Ultrasonographic diagnosis of pneumothorax is based on the evaluation of more ultrasonographic signs than the lung point sign. A comparison of these signs with the findings in the situations associated with the imitation of the lung point sign is summarized in Table 1.

4. Less-Frequent Variants of the Lung Point Sign

4.1. Double Lung Point Sign

The double lung point sign is a powerful diagnostic finding for pneumothorax as well as the lung point sign [1820]. It can be observed in very small pneumothorax, where the ultrasound beam is wide enough to cover both edges of the pneumothorax, and therefore, two lung points in one image can be identified. In the middle of the image is an area with the absence of sliding and on both sides, there is a visible pleural sliding, which appears in accordance with breathing (Figure 7, Supplementary File 7). The image of a double lung point sign may occur if pneumothorax is fixed between lung adhesions, may be due to blunt thoracic injury, but also can be observed as a complication of subclavian vein cannulation (our observation). Finding this sign requires a detailed examination of the entire hemithorax because it is a very discreet finding.

We must also emphasize that this double lung point sign related to pneumothorax has been described in adults. In newborns, the term “double lung point sign” has been used to describe an interface between relatively aerated superior lung fields and coalescent B lines in the basal lung fields in the patients with transient tachypnea of the newborn [21]. However, this observation is not related to pneumothorax and describes another pathophysiological situation.

5. Hydro Point Sign

The hydro point sign is a specific finding characteristic for the presence of fluid and air in one pleural cavity [22]. This is probably a very reliable diagnostic finding because a unique combination of fluid and air in the pleural cavity is necessary for formation of this phenomenon. When scanning a patient in the semisitting position in the posterior axillary line, the probe is placed in the coronal plane with cranial orientation of the marker; if there is only fluid in the pleural cavity, it appears as an anechogenic or hypoechogenic zone and the diaphragm, chest wall, pleural space, and lung can be well identified. In the presence of fluidopneumothorax, if the ultrasound probe is at the level of the pleural fluid-air transition, the artefact of A-profile across the entire imaging field, such as a veil, enters the fluidothorax zone in inspiration and disappears in expiration (Figure 8, Supplementary File 8). Pleural sliding is absent, and a stratospheric sign is present.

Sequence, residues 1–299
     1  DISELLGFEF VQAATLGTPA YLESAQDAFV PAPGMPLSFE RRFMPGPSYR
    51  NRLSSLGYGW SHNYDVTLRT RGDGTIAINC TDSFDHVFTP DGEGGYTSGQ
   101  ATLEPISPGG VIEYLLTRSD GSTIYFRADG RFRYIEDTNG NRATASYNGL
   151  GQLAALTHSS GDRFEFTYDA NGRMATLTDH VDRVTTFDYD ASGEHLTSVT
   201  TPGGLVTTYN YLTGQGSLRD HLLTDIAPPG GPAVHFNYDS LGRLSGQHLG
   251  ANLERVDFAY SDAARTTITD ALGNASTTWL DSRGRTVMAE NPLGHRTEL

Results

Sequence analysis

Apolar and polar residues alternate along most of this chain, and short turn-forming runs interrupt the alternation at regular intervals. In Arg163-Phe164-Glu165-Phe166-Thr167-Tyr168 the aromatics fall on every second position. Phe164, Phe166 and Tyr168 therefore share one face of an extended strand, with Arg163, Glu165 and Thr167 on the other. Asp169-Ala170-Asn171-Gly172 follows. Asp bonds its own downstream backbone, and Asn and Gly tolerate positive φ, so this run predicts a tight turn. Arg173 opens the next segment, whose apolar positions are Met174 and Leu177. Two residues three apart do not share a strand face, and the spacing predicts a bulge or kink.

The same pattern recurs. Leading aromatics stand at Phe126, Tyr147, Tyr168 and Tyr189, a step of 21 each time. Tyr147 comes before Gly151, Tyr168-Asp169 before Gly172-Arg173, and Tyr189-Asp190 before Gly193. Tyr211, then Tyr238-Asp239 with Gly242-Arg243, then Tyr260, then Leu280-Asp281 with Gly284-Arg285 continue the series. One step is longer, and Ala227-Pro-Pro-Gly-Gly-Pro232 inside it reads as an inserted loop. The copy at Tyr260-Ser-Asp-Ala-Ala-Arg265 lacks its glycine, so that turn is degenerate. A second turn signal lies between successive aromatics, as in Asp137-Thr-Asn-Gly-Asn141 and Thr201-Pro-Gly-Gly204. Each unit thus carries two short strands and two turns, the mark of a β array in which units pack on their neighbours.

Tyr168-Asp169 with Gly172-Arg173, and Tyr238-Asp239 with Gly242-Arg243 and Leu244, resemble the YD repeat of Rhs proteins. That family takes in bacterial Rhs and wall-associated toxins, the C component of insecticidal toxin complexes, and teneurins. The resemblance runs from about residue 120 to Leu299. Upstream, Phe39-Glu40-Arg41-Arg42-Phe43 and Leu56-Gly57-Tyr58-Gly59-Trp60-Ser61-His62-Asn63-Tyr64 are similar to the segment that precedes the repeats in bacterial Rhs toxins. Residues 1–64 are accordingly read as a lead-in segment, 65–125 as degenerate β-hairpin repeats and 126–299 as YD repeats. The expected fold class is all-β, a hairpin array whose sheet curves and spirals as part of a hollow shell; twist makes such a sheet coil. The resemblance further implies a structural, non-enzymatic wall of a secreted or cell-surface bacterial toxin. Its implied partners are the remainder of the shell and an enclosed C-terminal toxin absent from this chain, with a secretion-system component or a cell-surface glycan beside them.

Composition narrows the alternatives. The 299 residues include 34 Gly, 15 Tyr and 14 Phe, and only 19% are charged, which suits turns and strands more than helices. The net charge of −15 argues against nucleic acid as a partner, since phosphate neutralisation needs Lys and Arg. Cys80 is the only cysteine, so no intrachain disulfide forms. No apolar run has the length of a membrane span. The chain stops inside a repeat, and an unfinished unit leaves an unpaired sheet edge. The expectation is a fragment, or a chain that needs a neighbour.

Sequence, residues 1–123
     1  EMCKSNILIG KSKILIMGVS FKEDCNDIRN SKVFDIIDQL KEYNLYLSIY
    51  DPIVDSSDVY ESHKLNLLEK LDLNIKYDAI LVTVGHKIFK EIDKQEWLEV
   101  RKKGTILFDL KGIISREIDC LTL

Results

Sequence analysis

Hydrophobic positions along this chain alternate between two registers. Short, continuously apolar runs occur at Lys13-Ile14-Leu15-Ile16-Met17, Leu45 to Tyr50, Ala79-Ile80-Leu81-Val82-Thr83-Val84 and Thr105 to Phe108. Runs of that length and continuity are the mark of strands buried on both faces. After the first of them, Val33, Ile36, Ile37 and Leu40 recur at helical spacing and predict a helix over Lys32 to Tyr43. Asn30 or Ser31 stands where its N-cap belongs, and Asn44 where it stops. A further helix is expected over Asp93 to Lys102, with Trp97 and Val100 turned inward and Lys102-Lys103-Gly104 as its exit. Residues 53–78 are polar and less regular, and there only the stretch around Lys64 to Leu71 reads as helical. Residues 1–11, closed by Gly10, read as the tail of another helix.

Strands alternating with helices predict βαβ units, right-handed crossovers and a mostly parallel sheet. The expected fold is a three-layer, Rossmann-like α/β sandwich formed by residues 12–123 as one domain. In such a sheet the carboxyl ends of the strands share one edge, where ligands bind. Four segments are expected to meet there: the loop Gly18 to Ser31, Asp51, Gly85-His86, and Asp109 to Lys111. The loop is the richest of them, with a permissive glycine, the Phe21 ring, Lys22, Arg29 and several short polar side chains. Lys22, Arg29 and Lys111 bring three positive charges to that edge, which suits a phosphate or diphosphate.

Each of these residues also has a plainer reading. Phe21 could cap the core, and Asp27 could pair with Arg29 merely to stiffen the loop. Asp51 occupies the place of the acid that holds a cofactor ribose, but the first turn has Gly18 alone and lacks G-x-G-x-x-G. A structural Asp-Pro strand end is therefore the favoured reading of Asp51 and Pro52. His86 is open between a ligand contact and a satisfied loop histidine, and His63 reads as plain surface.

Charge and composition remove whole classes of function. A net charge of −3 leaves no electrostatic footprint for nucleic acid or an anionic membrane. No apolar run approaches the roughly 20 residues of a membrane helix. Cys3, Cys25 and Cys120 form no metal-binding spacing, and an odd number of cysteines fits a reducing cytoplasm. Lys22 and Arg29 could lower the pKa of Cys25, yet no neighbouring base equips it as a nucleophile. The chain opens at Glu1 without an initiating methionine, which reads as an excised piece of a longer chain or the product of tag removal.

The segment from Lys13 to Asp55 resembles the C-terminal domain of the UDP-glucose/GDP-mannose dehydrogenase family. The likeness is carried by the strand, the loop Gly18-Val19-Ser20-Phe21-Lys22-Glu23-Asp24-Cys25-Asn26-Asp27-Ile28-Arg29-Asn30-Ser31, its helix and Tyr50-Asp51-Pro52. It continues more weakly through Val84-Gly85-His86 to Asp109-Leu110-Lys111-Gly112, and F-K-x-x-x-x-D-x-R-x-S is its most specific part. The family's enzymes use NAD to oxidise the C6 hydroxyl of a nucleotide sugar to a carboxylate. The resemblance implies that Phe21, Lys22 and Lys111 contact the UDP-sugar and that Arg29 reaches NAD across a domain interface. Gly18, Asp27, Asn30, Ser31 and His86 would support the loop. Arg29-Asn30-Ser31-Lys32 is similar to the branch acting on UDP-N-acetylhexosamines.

6. Conclusions

Point-of-care ultrasound is a very reliable method of diagnosing pneumothorax, and the presence of the lung point sign is one of the most reliable ultrasonographic diagnostic features. In recent years, however, several findings have been described that mimic the lung point. These are not generated by the presence of pneumothorax, but by other conditions such as bullous degeneration of the pulmonary parenchyma, lung contusion, or various physiological tissue interfaces. Apart from the bleb point, few differences can be found in other ultrasonographic signs of pneumothorax, as described in this review. Therefore, in the diagnosis of pneumothorax, a comprehensive evaluation of all ultrasonographic signs is always necessary and must be interpreted in a clinical context, as is typical for the point-of-care approach.

Data Availability

The image ultrasound data used to support the findings of this study are included within the article as figures and within the supplementary information files as video loops.

Conflicts of Interest

The authors declare no conflicts of interest.


This research was funded by a grant (IGA-KZ-2018-1-8) from the Internal Grant Agency of Krajska Zdravotni, a.s., Czech Republic.

Supplementary Materials

All supplementary files are available under the link https://drive.google.com/drive/folders/13cIiAX0R97k2F3PyJ1GBVE2tn58MFm5G?usp=sharing. Supplementary File 1: a video loop demonstrating the lung point sign, associated with Figure 1. Supplementary File 2: a video loop demonstrating the physiological lung point sign, associated with Figure 2. Supplementary File 3: a video loop demonstrating the physiological lung point sign with the pericardium adjacent to the fascia endothoracica, associated with Figure 3. Supplementary File 4: a video loop demonstrating the pseudo-lung point sign, associated with Figure 4. Supplementary File 5: a video loop demonstrating the bleb point sign, associated with Figure 5. Supplementary File 6: a video loop demonstrating the pleurofascial point sign, associated with Figure 6. Supplementary File 7: a video loop demonstrating the double lung point sign, associated with Figure 7. Supplementary File 8: a video loop demonstrating the hydro point sign, associated with Figure 8. (Supplementary Materials)